Informed consent is considered equally important in biomedical research. It is a process in which a patient/participant consents to participate in a research project after being informed of its procedures, risks and benefits. [6] The process of informed consent in biomedical research 1 st began with the creation of Nuremberg code, which was initiated in 1947 during the trial of Nazi doctors accused of performing unethical and inhuman research on war prisoners. The basic principle of the code established the requirement of obtaining free and informed consent on the part of the research participants. [7] Subsequently, the Declaration of Helsinki [8] and the Belmont report [9] refined the rules and regulations concerning the informed process. An important principle of Belmont report advocates respect of persons, which demands that the subject enter into research voluntarily after obtaining adequate information. [9] In India, Indian Council of Medical Research (ICMR) brought out the policy statement on ethical considerations involved in research on human subjects in 1980 followed by subsequent revisions. The document provides detailed regulations to be followed in human research that includes informed consent. [10]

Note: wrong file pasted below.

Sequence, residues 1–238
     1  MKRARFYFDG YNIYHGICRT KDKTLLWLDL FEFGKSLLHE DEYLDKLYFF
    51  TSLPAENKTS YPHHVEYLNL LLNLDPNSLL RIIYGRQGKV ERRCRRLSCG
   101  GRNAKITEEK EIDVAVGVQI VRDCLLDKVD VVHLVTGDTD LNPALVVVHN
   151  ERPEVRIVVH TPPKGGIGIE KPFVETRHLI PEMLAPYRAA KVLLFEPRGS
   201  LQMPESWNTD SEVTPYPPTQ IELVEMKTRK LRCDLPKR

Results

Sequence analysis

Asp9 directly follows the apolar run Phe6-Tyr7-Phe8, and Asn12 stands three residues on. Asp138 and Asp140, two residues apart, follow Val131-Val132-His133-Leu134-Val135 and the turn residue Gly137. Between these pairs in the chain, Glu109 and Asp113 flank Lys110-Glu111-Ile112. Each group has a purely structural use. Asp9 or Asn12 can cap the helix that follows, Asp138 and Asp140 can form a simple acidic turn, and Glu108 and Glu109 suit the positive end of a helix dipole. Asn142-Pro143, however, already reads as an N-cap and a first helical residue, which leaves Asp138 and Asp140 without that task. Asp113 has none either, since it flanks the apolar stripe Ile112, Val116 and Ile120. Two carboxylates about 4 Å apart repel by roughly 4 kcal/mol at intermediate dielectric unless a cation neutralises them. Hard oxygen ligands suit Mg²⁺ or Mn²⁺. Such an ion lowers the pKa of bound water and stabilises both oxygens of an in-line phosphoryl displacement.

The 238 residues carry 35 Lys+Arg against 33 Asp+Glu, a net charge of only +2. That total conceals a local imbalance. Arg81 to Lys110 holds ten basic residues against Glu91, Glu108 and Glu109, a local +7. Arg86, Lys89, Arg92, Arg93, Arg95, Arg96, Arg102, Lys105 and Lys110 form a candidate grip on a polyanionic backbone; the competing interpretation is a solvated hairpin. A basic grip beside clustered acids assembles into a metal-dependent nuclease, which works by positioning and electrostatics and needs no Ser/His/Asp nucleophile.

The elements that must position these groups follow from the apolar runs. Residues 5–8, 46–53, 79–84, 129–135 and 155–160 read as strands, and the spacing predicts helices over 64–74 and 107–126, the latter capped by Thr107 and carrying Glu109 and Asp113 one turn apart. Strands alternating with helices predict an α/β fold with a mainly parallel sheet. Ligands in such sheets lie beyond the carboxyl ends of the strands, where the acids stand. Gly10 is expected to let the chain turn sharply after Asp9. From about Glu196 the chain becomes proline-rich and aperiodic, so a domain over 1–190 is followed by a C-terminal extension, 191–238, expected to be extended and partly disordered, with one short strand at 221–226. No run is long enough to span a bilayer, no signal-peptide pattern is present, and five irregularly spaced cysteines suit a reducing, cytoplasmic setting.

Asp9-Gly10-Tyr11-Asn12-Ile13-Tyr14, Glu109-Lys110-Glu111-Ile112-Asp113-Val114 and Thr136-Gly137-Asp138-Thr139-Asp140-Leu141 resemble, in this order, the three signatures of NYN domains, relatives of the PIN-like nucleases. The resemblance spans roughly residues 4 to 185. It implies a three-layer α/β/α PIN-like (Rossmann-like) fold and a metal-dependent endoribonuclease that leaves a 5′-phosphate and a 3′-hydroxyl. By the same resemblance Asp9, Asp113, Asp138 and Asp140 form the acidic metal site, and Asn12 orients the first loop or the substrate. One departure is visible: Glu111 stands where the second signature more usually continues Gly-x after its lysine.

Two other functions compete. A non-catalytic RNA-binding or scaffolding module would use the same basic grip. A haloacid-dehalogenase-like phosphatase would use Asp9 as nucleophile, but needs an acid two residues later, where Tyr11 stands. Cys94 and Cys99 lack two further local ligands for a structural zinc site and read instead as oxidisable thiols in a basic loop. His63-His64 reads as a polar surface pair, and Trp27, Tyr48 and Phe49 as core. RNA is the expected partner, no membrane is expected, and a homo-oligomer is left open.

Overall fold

Keeping in view the significance of informed consent, this review discusses the various aspects of informed consent as applicable to clinical dentistry and biomedical research with special emphasis on regulations prevailing in India.

   Types of Informed Consent Top

Informed consent broadly comprises of implied and expressed consent. Implied consent is assumed by the patient's attitude and applied mostly to non-invasive procedures such as consultation, examination and diagnosis. [11] Examples of implied consent include instances such as when the patient presents himself in the clinic or when the patient opens his mouth for examination wherein the patient based on their actions implies that he/she is willing to be examined. Expressed consent is a more formal type of consent, which could be either in oral or written form. Such type of consent may be required for invasive procedures.